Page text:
They have also released a new image taken by the navigation camera of Rosetta’s September 30th landing zone.

Stratolaunch loses top executive

Today it was revealed that Vulcan Aerospace, the company building Stratolaunch, is losing one of its top executives.

Aerospace veteran Chuck Beames is leaving his post as president of Microsoft co-founder Paul Allen’s spaceflight company, Vulcan Aerospace. Word of Beames’ departure came from Allen in an internal email that was sent to Vulcan employees and obtained by GeekWire today. Allen said Jean Floyd, the CEO of Vulcan’s Stratolaunch Systems, will expand his role to become Vulcan Aerospace’s interim executive director as well.

Allen’s email, which you can read in its entirety at the link, also called Orbital ATK “a valued partner.” The last we had heard of this partnership, however, was that Orbital ATK had backed out of it. Allen’s email instead suggests that some renegotiations are going on, and the partnership is not quite dead.

Russia to break safety rules to repair Soyuz capsule

In order to replace a burnt capsule quickly in its Soyuz capsule, Russia will ignore its own safety rules and allow the engineers to work without draining the capsule of its propellants and gases.

Sources close to investigation told that a cable located behind the cosmonaut seats inside the Descent Module of the Vehicle No. 732 had accidentally been bent severely enough to damage its insulation. As it turned out, the problem had nothing to do with the encapsulation of the spacecraft inside its payload fairing on September 15, as was initially thought.

Replacing the damaged cable is relatively straight forward, but it now has to be conducted on the vehicle fully loaded with toxic propellants and pressurized gases. Such an attempt would violate usual safety rules, but draining the spacecraft off its propellants and gases would likely be even more unprecedented and require lengthy repairs.

The big issue here is not the willingness of Roscosmos management to break its safety rules. In fact, believe it or not, those rules are possibly too strict. The repairs are taking place inside the capsule where the astronauts sit. If it is too dangerous for engineers to be there with the capsule fueled, then it would be too dangerous for the astronauts. Granted, engineers don’t usually sign up for those kinds of dangers, but then, if you are an engineer in the field of rocket science I suspect you did sign up, and expect them.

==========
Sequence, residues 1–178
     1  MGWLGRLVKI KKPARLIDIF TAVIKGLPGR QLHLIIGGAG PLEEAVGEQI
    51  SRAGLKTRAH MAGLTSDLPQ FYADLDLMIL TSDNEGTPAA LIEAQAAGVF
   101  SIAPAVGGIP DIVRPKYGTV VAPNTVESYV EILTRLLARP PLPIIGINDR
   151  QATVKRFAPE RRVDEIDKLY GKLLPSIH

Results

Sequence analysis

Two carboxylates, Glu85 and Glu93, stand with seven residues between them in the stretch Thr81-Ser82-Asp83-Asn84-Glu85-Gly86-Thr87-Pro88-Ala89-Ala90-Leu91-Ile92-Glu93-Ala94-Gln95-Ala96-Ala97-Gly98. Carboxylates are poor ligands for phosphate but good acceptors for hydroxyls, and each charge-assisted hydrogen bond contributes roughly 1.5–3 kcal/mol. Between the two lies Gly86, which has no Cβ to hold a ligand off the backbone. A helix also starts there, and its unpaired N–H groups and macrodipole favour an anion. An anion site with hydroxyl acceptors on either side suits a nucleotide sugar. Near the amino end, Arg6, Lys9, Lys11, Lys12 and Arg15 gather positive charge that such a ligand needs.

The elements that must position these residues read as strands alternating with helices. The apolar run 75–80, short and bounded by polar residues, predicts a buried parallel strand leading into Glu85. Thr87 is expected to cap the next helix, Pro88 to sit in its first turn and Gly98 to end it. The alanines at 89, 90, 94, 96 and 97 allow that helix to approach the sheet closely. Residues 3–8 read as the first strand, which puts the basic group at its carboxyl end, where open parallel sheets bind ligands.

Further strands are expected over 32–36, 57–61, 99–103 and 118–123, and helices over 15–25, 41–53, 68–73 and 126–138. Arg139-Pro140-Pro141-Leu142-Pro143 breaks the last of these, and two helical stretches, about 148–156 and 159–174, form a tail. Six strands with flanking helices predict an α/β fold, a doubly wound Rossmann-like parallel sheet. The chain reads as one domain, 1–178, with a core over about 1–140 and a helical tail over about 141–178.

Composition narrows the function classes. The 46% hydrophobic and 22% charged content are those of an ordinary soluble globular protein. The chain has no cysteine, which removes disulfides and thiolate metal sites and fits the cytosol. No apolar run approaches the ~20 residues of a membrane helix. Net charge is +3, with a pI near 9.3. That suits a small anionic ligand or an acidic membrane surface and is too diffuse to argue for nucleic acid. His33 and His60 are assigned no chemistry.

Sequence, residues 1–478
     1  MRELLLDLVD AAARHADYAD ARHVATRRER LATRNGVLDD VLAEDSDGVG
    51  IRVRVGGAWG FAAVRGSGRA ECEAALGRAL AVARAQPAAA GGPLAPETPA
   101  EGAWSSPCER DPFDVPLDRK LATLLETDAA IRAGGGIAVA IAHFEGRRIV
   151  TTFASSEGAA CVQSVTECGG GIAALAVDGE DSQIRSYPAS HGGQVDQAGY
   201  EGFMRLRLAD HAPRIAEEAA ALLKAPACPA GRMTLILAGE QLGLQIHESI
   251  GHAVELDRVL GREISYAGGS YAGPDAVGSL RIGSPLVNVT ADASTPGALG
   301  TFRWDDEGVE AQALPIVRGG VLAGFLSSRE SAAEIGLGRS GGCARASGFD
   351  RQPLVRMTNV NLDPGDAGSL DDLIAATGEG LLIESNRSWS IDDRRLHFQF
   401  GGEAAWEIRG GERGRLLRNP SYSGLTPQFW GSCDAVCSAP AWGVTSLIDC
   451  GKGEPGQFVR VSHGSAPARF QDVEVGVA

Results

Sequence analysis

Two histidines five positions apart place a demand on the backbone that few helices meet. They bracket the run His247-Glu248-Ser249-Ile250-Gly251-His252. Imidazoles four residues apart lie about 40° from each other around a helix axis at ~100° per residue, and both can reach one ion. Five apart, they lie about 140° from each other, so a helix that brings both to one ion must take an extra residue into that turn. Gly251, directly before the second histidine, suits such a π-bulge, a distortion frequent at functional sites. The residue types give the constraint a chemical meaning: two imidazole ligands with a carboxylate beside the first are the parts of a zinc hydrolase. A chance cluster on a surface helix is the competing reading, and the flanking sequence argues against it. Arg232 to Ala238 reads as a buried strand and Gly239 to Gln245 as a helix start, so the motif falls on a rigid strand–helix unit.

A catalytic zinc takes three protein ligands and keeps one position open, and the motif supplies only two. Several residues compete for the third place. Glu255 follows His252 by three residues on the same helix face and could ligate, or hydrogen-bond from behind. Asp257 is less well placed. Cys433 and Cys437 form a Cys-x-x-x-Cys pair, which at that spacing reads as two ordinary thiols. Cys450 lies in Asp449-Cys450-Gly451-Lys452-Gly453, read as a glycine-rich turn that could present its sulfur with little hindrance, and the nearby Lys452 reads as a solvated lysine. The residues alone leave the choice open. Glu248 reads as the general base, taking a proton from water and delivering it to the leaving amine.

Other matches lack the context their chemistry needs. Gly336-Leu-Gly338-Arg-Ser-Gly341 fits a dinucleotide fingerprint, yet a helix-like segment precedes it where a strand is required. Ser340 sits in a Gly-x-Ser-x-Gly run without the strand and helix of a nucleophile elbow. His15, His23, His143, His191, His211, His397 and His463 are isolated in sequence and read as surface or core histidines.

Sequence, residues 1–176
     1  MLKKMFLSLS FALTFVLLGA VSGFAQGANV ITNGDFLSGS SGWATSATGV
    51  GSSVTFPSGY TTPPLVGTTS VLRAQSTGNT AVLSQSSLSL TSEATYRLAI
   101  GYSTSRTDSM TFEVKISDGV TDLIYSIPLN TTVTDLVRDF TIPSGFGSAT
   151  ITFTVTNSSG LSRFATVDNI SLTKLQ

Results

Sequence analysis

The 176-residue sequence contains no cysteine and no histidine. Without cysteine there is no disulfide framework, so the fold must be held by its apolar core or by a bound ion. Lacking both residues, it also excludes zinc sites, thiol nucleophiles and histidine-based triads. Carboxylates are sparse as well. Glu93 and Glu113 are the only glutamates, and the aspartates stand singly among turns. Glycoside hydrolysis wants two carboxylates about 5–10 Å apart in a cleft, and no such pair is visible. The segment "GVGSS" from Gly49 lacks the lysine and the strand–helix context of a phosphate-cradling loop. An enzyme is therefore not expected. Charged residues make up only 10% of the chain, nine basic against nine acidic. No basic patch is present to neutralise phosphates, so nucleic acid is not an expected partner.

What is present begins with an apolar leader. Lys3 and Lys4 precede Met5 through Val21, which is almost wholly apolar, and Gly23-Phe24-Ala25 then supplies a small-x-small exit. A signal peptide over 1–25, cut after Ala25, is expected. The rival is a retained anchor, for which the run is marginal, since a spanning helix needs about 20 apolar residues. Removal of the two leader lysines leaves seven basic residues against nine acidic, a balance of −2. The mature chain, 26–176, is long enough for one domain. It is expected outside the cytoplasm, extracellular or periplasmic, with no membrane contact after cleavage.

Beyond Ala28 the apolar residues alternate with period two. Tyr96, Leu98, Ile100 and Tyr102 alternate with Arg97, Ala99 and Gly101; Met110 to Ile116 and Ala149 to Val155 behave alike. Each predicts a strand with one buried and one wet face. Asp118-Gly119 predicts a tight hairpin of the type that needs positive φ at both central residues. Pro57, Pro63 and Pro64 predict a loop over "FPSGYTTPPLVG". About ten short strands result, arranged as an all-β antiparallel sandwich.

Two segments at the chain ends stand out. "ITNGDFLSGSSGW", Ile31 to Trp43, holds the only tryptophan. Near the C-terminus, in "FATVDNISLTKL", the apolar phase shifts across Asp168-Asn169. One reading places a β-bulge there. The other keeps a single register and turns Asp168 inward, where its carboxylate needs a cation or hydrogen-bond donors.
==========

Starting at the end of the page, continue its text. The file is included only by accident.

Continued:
No, what is significant about this story is the bent cable and its damaged insulation, which was bad enough that the cable actually burnt, based on other reports. It suggests a variety of issues in the construction of this capsule, all of which are worrisome. First and foremost, how is it possible for insulation to break simply by bending a cable? Is the insulation that badly made? Or have they such low tolerances for the insulation (possibly to save weight) that it requires a very careful installation that in this case was done badly?

This is also only the second launch of an upgraded Soyuz capsule. Could it be that they haven’t worked out all the kinks in its design? If not, they have been making Soyuz capsules for literally decades. One would think that the people that install this wiring would know its tolerances and not make such a mistake.

I know I am being somewhat harsh here, but that harshness comes after seeing repeated quality control problems in a variety of Russian-built aerospace hardware in recent years. In the previous cases, however, the problems did not involve a manned flight. This one did, and if those same quality control problems are now showing up with Soyuz, that is a very bad thing.

Arab columnist discovers that Arab youth admire Hitler

The coming dark age: A Bahrainii columnist was shocked to discover that within the Middle East there is a strong admiration by young people for Adolf Hitler.

The young girls’ admiration of Hitler’s personality and their inclination towards powerful [figures] led me to search for [material] on ‘Hitler adoration’ and fandom, and indeed, I discovered a wide spectrum of young Arabs who love Hitler. Some said they admired him for killing the Jews, but most were enchanted by his strength, determination, and steadfastness. This begs the question: What is behind these young peoples’ love of strength? Are they fans of the violence engulfing the region? Or does the sense of helplessness and weakness [cause them] to adore of a figure who challenged the world with his strength and led an entire people to fight the world?